1 "Car nous ne sommes point comme plusieurs, corrompans la parolle de Dieu: ains nous parlons comme en purete, et comme de par Dieu, deuant Dieu en Christ, ou, Car nous ne faisons pas traffique de la parolle de Dieu, comme font plusieurs, ains nous parlons touchant Christ, ou selon Christ, comme en integrite, et comme de par Dieu, deuant Dieu;" -- "For we are not as many, corrupting the word of God; but we speak, as in purity, and as from God, before God in Christ; or, For we do not make traffic of the word of God, as many do; but we speak concerning Christ, or according to Christ, as in integrity, and as from God, before God."
2 Elsner, when commenting on 1 Corinthains 16:9, "a great door and effectual is opened," after quoting a variety of passages from Latin and Greek authors, in which a corresponding metaphor is employed, observes that Rabbinical writers employ in the same sense the term
3 "Ne refusons point de nous employer en ce que nous pourrons seruir, quand nous voyons que Dieu nous y inuite si liberalement;" -- "Let us not refuse to employ ourselves in rendering what service we can, when we see that God invites us so kindly."
4 "Fust aimee de luy d'vne affection singuliere et speciale;" -- "Should be loved by him with a singular and special affection."
5 "L'ouuerture que Dieu auoit faite;" -- "The opening that God had made."
6 "Qui triomphe tousiours de nous;" -- "Who always triumpheth over us."
8 On such occasions the legati (lieutenants) of the general, and military tribunes, commonly rode by his side. (See Cic. Pis. 25.) -- Ed.
9 "A triumph among the Romans, to which the Apostle here alludes, was a public and solemn honor conferred by them on a victorious general, by allowing him a magnificent procession through the city. This was not granted by the senate unless the general had gained a very signal and decisive victory; conquered a province, etc... The people at Corinth were sufficiently acquainted with the nature of a triumph: about two hundred years before this, Lucius Mummius, the Roman consul, had conquered all Achaia, destroyed Corinth, Thebes, and Chalcis; and, by order of the senate, had a grand triumph, and was surnamed Achaicus." -- Dr. A. Clarke. -- Ed.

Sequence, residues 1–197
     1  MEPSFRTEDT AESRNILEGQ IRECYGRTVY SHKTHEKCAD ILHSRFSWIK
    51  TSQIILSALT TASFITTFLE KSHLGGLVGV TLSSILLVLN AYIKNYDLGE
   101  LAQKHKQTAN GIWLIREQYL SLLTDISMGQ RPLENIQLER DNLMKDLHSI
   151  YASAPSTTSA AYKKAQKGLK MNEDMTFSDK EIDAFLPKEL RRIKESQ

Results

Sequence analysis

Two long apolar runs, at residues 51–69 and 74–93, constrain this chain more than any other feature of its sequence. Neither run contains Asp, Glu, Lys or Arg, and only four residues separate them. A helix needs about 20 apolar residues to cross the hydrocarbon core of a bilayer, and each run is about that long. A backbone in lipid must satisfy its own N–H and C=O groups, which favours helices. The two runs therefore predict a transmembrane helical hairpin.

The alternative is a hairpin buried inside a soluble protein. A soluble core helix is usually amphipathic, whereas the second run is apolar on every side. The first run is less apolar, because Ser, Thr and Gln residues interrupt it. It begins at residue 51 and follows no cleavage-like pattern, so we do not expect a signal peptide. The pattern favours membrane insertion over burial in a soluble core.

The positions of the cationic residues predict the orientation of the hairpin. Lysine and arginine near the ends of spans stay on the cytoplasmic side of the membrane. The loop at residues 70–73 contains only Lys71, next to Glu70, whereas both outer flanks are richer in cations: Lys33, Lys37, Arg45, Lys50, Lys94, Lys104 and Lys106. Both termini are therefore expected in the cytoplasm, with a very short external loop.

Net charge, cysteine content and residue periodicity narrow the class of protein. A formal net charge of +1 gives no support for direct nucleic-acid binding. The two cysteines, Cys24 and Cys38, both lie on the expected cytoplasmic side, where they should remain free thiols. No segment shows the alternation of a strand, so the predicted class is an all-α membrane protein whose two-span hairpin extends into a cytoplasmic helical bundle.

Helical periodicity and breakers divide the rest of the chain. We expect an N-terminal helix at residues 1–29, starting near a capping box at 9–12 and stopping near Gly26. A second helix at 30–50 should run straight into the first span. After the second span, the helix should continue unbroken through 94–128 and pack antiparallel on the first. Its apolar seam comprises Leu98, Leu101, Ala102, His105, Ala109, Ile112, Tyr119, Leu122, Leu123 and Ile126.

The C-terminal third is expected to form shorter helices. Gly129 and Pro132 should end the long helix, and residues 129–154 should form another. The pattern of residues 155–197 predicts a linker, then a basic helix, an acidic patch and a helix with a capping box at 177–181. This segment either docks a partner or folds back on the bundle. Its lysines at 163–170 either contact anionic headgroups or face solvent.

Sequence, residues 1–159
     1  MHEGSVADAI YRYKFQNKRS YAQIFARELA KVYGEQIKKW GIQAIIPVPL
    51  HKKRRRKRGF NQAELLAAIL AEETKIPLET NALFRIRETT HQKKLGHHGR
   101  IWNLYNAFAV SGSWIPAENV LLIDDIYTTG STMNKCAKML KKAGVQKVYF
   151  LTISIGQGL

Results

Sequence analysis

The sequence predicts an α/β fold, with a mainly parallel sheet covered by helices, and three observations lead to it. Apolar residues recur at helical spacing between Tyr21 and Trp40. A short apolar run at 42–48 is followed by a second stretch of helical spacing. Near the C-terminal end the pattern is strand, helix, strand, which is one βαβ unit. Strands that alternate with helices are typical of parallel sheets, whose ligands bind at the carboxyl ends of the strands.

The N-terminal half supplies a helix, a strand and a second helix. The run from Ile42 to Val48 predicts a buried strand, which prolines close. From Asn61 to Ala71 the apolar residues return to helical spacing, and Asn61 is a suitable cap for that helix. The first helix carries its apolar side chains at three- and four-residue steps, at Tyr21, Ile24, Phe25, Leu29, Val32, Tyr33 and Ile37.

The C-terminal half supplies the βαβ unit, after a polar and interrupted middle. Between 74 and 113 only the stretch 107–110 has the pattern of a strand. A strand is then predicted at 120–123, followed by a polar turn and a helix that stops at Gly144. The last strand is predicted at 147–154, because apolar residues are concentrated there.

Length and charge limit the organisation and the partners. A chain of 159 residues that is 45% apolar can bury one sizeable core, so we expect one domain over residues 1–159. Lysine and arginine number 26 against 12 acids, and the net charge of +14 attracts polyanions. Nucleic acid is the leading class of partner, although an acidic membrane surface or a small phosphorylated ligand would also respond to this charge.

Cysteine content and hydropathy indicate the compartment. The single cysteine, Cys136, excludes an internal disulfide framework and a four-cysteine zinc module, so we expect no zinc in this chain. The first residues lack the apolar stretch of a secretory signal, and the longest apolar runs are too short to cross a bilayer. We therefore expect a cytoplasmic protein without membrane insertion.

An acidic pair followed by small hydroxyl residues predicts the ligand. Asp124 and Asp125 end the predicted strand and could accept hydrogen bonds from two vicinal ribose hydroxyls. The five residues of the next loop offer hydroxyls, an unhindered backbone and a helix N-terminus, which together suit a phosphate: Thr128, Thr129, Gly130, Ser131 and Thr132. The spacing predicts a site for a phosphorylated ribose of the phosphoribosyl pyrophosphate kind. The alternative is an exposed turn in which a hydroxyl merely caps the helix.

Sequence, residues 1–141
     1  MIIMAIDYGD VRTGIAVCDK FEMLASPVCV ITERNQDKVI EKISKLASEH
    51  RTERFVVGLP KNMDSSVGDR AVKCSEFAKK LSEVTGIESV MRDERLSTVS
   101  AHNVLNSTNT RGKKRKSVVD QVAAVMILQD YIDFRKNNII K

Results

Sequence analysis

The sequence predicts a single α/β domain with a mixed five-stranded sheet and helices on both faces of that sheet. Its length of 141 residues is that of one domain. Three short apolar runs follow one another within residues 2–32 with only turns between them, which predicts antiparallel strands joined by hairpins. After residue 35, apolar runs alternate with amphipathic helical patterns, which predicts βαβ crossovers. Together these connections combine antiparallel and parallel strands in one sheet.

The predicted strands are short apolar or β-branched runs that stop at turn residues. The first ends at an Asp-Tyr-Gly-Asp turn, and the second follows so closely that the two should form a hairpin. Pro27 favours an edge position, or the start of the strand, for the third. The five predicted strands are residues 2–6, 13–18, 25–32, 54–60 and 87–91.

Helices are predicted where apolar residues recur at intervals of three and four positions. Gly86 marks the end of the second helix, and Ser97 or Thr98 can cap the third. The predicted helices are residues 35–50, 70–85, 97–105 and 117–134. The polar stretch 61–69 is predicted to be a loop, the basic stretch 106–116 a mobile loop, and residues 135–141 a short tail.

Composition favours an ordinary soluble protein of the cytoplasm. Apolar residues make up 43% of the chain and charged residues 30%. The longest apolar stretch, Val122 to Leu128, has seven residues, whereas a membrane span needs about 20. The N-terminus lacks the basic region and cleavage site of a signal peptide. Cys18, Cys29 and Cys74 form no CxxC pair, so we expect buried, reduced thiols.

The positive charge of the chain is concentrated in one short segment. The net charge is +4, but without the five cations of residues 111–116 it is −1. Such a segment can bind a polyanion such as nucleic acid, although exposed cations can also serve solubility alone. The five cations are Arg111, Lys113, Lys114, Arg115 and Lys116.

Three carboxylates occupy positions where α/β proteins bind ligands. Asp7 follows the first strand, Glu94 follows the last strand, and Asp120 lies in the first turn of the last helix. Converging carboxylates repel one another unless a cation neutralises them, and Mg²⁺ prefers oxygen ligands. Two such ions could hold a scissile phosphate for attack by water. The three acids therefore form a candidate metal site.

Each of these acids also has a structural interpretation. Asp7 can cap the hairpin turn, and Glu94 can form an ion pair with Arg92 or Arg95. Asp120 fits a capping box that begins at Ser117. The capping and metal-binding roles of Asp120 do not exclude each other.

10 "C'est plustot au nom de Dieu, que en leur propre nom;" -- "It is in God's name, rather than in their own."
11 "La benediction de Dieu continue sur son ministere comme on l'y auoit apperceue au commencement;" -- "The blessing of God continues upon his ministry, as they had seen it do at the beginning."
12 "Elsner and many other commentators think, with sufficient reason, that there is here an allusion to the perfumes that were usually censed during the triumphal processions of Roman conquerors. Plutarch, on an occasion of this kind, describes the streets and temples as being
13 "'We are unto God a sweet savor (or odour, rather, as the word
14 "We are the savor of death unto death. It is probable that the language here used is borrowed from similar expressions which were common among the Jews. Thus in Debarim Rabba, section. 1. fol. 248, it is said, 'As the bee brings some honey to the owner, but stings others; so it is with the words of the law.' 'They (the words of the law) are a savor of life to Israel, but savor of death to the people of this world.' Thus in Taarieth, fol. 7:1, 'Whoever gives attention to the law on account of the law itself, to him it becomes an aromatic of life,
15 "De scandale et achoppement;" -- "Of offense and stumbling."
16 "Le propre et naturel office de l'Euangile;" -- "The proper and natural office of the Gospel."
17 Among these is Chrysostom, who, when commenting upon this passage, says:
18 "Loyale et fidele Apostre;" -- "A loyal and faithful Apostle."
19 "C'est vne vertu excellente, et bien clair semee;" -- "It is a distinguished excellence, and very thin sown."
20 "Erasme l'a traduit par vn autre mot Latin que moy, qui vient d'vn mot qui signifie tauernier;" -- "Erasmus has rendered it by a Latin word different from what I have used -- derived from a word that signifies a tavern -- keeper."
21 Raphelius adduces a passage from Herodotus, (lib. in. page 225,) in which, when speaking of Darius Hystaspes, who first exacted tribute from the Persians, he says that the Persians said, "
23 Thus in Acts 17:14, we read that the brethren sent away Paul to go (
25 The expression is rendered by Dr. Bloomfield, "In the name of Christ, as his legates." -- Ed.